AVHS teacher wins state award
Cutter credited with steering students toward science
Beth Cutter of Amador Valley High School has been selected as the 2011 California outstanding biology teacher.
Cutter, a biology/life science teacher currently teaching chemistry and biological science at Amador Valley High School, was a life sciences scholar at Lawrence Livermore National Laboratory from 1999-2002.
She's been teaching at Amador since 2006 and is a member of the teacher committee that organizes the Science Extravaganza for K-4 grade students, providing more than 30 hands-on science stations where high school students lead lessons for youngsters.
One of her colleagues, Heather Pereira, who also teaches biology and chemistry, called Cutter "an active collaborator."
"She regularly meets with me and other biology teachers to develop new curriculum and come up with new ways to keep kids interested and engaged in biology," Pereira said.
Former student Ellora Staker said Cutter awakened a passion for science in her.
"After one year and two classes with Mrs. Cutter, I have decided to pursue this interest instilled by her; I am majoring in biochemistry at Brigham Young University, and a large part of that decision was her influence as an educator and mentor," Staker said.
A special presentation will be made by the National Association of Biology Teachers at its National Professional Development Conference in October in Anaheim. In addition to the certificates awarded, Cutter will be given a microscope from Leica Microsystems Inc.
Cutter has been the advisor for the school's science team since it began in 2008 and supports student participation in the Science Bowl, and Chemistry, Biology, Physics, and Science Olympiads. For the past three years Cutter has advised an individual student and a team of students with independent research projects, which received the Sweepstakes award at the local Tri-Valley Intel Science and Engineering Fair (ISEF), earning them a place at the International ISEF.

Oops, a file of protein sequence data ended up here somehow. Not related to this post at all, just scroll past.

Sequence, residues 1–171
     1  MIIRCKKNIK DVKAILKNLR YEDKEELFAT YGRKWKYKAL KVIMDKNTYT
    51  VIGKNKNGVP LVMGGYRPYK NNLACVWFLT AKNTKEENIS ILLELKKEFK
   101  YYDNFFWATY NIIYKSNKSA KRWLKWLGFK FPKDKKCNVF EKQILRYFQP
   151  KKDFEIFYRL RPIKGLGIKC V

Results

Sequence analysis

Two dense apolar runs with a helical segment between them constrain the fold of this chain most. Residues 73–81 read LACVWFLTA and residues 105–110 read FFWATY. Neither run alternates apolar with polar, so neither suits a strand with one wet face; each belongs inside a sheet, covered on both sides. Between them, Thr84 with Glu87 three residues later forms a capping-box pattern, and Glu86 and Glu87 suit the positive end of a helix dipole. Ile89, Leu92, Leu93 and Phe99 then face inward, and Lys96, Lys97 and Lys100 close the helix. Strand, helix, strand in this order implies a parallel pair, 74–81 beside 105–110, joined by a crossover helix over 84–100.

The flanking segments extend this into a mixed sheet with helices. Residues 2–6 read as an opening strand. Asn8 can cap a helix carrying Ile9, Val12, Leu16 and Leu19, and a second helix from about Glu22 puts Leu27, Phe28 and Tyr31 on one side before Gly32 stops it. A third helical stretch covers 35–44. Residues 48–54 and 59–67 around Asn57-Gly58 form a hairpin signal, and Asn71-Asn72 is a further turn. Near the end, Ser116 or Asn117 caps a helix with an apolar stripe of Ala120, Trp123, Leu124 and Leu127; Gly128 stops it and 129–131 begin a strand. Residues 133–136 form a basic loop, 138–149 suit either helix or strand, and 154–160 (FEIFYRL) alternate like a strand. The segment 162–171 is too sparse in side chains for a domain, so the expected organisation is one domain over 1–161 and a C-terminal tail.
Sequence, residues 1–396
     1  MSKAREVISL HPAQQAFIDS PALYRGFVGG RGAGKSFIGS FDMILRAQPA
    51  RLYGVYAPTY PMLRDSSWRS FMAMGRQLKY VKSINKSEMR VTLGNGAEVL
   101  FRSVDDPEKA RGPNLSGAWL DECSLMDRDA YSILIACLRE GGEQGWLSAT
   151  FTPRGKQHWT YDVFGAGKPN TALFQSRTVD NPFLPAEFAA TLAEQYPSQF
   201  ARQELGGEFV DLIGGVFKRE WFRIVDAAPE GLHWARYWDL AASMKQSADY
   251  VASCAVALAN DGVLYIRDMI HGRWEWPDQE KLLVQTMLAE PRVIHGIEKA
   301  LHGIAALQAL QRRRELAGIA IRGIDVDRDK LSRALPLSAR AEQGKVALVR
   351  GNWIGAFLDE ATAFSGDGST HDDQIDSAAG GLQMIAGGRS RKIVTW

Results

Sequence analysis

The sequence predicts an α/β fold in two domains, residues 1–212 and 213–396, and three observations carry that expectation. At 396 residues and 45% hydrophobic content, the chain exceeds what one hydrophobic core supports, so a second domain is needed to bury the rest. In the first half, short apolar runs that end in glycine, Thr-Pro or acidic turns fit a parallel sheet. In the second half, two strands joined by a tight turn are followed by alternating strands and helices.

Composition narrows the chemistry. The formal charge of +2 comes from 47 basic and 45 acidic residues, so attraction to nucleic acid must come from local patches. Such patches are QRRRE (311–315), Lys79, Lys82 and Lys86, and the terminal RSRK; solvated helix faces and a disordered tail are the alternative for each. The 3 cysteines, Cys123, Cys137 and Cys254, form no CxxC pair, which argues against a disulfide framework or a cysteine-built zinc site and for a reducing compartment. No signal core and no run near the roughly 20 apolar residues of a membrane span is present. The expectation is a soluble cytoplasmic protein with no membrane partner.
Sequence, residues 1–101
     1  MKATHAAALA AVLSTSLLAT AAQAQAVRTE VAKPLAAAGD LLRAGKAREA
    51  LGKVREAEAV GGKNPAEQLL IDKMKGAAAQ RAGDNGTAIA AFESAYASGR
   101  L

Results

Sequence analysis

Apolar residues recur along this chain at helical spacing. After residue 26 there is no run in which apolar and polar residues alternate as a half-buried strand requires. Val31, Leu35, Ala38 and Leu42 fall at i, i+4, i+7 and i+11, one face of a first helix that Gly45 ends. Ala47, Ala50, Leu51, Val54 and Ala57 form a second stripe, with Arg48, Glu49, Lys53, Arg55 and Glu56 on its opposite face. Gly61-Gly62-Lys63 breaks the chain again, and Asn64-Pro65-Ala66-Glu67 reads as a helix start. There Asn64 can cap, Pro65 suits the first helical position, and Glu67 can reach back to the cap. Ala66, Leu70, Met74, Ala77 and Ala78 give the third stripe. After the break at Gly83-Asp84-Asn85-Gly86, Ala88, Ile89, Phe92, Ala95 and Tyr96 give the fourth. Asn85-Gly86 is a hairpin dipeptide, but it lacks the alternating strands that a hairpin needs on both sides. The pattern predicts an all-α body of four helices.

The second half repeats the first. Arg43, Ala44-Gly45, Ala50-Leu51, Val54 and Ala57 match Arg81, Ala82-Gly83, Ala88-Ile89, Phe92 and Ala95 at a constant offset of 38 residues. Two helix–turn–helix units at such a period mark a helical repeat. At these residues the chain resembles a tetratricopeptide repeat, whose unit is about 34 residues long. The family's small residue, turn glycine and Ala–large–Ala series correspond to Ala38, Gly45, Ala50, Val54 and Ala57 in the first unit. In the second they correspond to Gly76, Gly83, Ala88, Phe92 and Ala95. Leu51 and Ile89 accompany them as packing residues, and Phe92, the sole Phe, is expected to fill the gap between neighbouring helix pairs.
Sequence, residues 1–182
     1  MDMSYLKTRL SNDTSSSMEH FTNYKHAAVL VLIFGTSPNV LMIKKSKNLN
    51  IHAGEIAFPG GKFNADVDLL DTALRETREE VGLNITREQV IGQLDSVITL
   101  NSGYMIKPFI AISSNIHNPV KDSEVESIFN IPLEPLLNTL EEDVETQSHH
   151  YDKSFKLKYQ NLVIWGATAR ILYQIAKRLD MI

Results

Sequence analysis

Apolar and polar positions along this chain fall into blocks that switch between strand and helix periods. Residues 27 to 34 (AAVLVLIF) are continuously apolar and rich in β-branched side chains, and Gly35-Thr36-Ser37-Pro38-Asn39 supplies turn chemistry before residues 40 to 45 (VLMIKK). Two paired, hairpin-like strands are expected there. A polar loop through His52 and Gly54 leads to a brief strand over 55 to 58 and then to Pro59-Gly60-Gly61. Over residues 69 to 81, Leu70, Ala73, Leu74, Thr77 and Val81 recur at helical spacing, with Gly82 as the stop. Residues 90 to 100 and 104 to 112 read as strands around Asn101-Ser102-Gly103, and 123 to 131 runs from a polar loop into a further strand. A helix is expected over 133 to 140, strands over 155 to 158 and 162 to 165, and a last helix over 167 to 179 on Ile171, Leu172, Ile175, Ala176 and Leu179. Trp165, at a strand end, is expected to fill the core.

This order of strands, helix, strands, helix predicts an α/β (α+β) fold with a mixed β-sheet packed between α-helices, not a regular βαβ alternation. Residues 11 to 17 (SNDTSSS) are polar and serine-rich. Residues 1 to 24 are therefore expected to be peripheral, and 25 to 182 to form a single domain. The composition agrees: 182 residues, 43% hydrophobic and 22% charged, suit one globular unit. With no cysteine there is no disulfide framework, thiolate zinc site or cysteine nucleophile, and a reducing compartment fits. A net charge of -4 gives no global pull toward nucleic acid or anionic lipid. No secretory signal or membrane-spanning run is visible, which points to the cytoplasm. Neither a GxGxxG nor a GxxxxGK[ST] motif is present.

The award will be given by one of Pleasanton's own, Heidi Haugen, who is head of the committee that searches for outstanding biology teachers.
"I am especially excited to be able to present this award to a teacher from my own alma mater," Haugen said. "I grew up in Pleasanton and my mother, Juanita Haugen, was a well-known school board member and proponent of a quality education for all children.
"I graduated from Amador Valley High School in 1982 and attribute my passion for teaching to my excellent teachers from Amador and also Pleasanton Middle School (Mr. Bill Bowen). It's excellent teachers like these and Beth Cutter who help mold our future scientist, engineers, biologists, etc., and future generations."